The 2014 Gallup Positive Experience Index is in, and we're still trying to wrap our heads around the results.
To measure happiness levels around the world, Gallup interviewed about 1,000 people in each country on the planet (except Syria, where results weren't compiled by the time the index was published).
Interviews were held either in person or over the phone. Everyone was 15 or older, and everyone answered questions about how happy or unhappy they felt the day before.
Note that the questions didn't have anything to do with finances or politics. No one was asked how much money they had or how they felt about their (or any other) government.
They were simply asked if, the day before their interview, they had: experienced enjoyment; smiled or laughed; felt well rested; thought they'd been treated with respect; and learned or did something interesting.
And based on those emotional responses, Gallup compiled a "positive experience index score" for every country in the world.
And the 10 happiest countries on earth, based on those scores?
9. El Salvador
8. Costa Rica
That's right. The 10 happiest countries on earth are all in Latin America. And the happiest country on the planet is Paraguay.
From a North American political and financial point of view, most of these countries have absolutely no right to be so happy.
Take a look at the list of countries and try to think of the last positive U.S. news story you heard about any of them. If you were judging happiness strictly by what you heard (if anything) about any of these countries on the evening news or could find in rankings of national wealth, you'd probably think that people who live there are some of the most impoverished and dissatisfied on the planet.
Turns out just the opposite is true. They're quite possibly happier than you or most anyone you know.
After all, the U.S. ranks 15th on the index, tied with 11 other countries, including Canada and Argentina.
The unhappiest country in the world according to the index? Sudan... followed by Tunisia, Bangladesh, Serbia and Turkey.
We've been thinking about why Latin America is apparently such a happy place for those of us who live here. (We're happy. We currently live in the third happiest country on the globe--Ecuador. We were married in #8 Costa Rica and have also lived in #6 Panama and #10 Nicaragua over the past 14 years.)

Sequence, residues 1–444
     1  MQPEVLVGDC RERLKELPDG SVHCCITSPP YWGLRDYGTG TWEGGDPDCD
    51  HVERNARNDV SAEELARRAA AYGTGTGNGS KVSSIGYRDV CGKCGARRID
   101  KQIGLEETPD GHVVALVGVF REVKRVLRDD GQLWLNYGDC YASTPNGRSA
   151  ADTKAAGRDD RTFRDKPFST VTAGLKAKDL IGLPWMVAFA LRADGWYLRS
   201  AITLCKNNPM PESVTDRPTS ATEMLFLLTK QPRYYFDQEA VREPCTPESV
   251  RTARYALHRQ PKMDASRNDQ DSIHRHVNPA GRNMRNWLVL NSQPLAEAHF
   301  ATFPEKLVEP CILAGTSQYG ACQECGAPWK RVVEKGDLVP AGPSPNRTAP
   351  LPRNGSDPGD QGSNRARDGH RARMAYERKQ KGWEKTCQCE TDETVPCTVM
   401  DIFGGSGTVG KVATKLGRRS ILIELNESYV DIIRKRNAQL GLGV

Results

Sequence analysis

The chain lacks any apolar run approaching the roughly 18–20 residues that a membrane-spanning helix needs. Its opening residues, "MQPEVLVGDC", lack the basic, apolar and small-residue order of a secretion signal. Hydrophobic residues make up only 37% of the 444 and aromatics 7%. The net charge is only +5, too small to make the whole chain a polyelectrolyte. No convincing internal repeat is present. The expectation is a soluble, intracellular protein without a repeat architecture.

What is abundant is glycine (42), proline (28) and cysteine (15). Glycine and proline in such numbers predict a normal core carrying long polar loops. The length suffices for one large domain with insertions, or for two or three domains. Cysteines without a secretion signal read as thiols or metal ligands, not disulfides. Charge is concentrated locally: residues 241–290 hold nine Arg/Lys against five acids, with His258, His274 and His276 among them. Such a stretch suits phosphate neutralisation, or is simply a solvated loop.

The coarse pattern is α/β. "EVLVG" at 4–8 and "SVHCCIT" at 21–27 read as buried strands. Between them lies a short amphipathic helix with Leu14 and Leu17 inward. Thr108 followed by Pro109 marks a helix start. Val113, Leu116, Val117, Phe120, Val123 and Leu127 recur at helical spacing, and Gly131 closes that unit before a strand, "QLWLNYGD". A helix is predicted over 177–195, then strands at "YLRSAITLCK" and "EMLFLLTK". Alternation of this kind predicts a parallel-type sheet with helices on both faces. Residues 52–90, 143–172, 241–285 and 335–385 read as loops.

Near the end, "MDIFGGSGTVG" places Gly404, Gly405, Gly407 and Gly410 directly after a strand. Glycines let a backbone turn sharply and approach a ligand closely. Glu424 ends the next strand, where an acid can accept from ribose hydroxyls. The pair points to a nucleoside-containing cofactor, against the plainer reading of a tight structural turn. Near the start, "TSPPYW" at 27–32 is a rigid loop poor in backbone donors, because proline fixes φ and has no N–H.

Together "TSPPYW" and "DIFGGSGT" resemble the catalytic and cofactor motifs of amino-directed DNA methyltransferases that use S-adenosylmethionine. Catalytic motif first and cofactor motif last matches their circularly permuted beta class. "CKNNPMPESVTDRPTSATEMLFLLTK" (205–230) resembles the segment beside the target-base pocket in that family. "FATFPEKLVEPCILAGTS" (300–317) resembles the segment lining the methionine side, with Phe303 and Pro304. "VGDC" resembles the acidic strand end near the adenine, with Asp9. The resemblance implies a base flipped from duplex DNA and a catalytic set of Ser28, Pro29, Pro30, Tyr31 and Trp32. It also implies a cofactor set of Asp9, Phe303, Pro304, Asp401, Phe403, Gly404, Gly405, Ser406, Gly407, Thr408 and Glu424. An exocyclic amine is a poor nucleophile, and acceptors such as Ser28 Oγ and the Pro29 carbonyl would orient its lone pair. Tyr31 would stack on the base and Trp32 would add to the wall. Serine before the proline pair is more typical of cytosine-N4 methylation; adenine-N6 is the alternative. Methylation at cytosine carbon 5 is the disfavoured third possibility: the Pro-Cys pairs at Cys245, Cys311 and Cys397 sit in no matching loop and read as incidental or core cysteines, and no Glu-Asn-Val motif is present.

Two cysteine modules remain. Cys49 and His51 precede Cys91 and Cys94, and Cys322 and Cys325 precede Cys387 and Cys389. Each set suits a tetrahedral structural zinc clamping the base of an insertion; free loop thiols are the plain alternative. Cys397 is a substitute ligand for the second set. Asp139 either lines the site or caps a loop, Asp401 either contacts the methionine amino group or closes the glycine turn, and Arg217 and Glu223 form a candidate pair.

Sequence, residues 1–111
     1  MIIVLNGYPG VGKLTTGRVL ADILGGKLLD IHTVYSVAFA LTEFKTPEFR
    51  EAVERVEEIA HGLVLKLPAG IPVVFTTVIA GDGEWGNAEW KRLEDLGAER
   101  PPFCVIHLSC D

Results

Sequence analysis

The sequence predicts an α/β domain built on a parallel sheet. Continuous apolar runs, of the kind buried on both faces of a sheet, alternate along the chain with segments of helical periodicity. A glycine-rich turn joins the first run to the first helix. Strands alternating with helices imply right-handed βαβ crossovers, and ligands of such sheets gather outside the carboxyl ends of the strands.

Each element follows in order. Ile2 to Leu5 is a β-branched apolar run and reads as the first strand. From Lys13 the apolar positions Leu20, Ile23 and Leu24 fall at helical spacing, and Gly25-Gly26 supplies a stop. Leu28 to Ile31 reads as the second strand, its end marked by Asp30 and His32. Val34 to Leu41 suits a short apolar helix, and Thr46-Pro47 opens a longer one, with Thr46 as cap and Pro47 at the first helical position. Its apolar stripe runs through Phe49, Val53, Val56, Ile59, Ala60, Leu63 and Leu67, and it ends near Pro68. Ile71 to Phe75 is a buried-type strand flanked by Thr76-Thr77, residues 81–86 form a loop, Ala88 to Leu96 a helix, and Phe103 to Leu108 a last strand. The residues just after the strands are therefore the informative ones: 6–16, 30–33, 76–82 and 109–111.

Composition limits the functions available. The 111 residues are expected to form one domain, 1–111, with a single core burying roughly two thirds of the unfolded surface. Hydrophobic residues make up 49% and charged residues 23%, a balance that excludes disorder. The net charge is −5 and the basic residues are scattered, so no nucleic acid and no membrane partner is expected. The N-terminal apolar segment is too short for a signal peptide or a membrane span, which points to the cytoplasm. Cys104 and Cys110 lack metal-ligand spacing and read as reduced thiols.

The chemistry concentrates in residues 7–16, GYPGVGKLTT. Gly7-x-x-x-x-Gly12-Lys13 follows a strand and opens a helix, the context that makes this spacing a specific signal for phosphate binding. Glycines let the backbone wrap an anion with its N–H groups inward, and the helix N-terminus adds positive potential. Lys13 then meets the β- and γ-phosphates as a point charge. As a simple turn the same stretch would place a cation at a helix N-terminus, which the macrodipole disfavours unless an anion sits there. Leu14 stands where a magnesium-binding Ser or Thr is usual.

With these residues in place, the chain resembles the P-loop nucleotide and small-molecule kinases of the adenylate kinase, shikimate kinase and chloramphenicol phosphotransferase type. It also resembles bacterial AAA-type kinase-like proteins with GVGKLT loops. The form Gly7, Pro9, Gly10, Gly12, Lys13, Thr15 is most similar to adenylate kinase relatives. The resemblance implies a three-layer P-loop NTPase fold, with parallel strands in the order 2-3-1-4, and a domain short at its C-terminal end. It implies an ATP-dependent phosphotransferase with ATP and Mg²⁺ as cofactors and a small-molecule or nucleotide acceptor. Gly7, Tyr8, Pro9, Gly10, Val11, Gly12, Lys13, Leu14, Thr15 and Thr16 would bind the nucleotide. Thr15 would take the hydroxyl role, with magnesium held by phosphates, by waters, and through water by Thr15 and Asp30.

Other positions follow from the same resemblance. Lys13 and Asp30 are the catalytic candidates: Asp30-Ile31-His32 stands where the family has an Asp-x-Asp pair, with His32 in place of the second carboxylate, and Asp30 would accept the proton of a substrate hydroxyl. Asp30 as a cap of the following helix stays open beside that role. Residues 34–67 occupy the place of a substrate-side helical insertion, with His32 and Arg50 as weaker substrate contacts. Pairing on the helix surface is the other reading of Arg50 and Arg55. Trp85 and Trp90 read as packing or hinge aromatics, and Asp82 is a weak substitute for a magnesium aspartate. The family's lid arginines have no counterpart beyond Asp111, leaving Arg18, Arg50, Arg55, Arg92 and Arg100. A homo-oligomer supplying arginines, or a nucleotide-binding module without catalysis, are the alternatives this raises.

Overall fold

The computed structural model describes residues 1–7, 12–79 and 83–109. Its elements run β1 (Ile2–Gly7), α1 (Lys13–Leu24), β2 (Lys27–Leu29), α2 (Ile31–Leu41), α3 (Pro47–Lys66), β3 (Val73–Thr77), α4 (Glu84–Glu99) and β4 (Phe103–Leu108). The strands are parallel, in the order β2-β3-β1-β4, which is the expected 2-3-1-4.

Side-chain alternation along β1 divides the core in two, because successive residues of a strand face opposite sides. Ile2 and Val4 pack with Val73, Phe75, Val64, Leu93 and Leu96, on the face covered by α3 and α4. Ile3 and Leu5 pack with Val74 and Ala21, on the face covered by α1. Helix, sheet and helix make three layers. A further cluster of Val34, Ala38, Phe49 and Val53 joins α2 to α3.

From our entirely subjective, personal, and seen-with-our-own-eyes perspective, it comes down to a couple of things...
Latin Americans have a list of priorities that are generally upside down compared to those of North America and other "modern" industrialized regions. Instead of making work, success and wealth the most important things in life, Latin Americans typically have family and community firmly at the top of their priority list. They work to live rather than living to work. The time they spend with their family and friends is the most important time to them... not the time they spend working.
So maybe that list of priorities isn't upside down. Maybe it's right-side up.
Also, Latin Americans tend to live for today. Sure, they make plans, they have goals and dreams. But they also know that if you defer your happiness to achieve some future goal, the future might not cooperate.
Much better to live, love and laugh right now, while you can, than to bet your future happiness on the whims of local, regional and global politics and finance. Those whims can be unpredictable, and living, loving and laughing right now is easy to do with your family and friends, even with very little money.
Earlier generations of North Americans knew this well, and current generations are being reminded of it again.
It is also undeniable that in many Latin American countries-- especially the warm, tropical ones- -food and shelter aren't the life-and-death matters they are in much of North America. There are fish in the sea and fruit on the trees, and if you find yourself outside in the middle of a January night for some reason, you won't freeze to death.
The baseline for basic survival is pretty easy to meet throughout much of Latin America, which generally makes people far more easygoing. It also means that many can get by in some extremely basic shelter and eat an incredibly boring diet by North American standards. But they're not living by North American standards. They're living by their own.
Now add in the fact that, throughout most of Latin America, healthcare is considered a basic human right and is supplied free or at a greatly subsidized cost by almost every government, no matter where that government happens to sit on the socialist-capitalist spectrum. Anybody can get basic healthcare anywhere and not end up in the poor house.
Is that healthcare extremely basic in some poor and sparsely populated areas? Yes. Does that healthcare come with all the waiting, bureaucracy and lack of choice that many public health systems are known for? Yes.
Is that healthcare there for everyone... no matter who they are, what they do, how much they earn, or how old they are?
A value system that puts family and friends above ambition and money. An outlook that makes living, laughing and loving in the moment rather than putting happiness on hold for some future goal. An environment that easily and naturally meets the most basic needs of shelter and food. Healthcare that is considered a right for all instead of a privilege for a few.
When looked at this way, we guess it isn't so surprising that Latin America claims those top 10 rankings in Gallup's happiness index. Most folks we know in Latin America don't expect their governments or their jobs or their status or their possessions to make them happy. They don't expect anything to "make" them happy.
They simply are happy... because they have family, friends, and the basic needs of life. And they take the time to enjoy them, right now, this very moment.